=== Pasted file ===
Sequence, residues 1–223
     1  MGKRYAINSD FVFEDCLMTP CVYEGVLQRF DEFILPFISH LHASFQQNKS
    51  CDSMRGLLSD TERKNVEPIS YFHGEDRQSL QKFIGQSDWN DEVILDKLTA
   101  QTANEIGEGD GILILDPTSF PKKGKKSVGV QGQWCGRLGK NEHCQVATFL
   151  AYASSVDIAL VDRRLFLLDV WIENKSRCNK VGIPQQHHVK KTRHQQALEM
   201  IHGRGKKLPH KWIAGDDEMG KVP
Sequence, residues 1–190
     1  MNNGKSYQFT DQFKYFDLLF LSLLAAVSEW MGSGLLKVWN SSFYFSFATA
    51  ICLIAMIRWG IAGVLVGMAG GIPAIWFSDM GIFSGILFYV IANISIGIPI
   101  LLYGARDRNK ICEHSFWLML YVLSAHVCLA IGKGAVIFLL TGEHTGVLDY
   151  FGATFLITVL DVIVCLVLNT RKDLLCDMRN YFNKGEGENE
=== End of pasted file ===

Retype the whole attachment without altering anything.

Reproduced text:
Sequence, residues 1–223
     1  MGKRYAINSD FVFEDCLMTP CVYEGVLQRF DEFILPFISH LHASFQQNKS
    51  CDSMRGLLSD TERKNVEPIS YFHGEDRQSL QKFIGQSDWN DEVILDKLTA
   101  QTANEIGEGD GILILDPTSF PKKGKKSVGV QGQWCGRLGK NEHCQVATFL
   151  AYASSVDIAL VDRRLFLLDV WIENKSRCNK VGIPQQHHVK KTRHQQALEM
   201  IHGRGKKLPH KWIAGDDEMG KVP
Sequence, residues 1–190
     1  MNNGKSYQFT DQFKYFDLLF LSLLAAVSEW MGSGLLKVWN SSFYFSFATA
    51  ICLIAMIRWG IAGVLVGMAG GIPAIWFSDM GIFSGILFYV IANISIGIPI
   101  LLYGARDRNK ICEHSFWLML YVLSAHVCLA IGKGAVIFLL TGEHTGVLDY
   151  FGATFLITVL DVIVCLVLNT RKDLLCDMRN YFNKGEGENE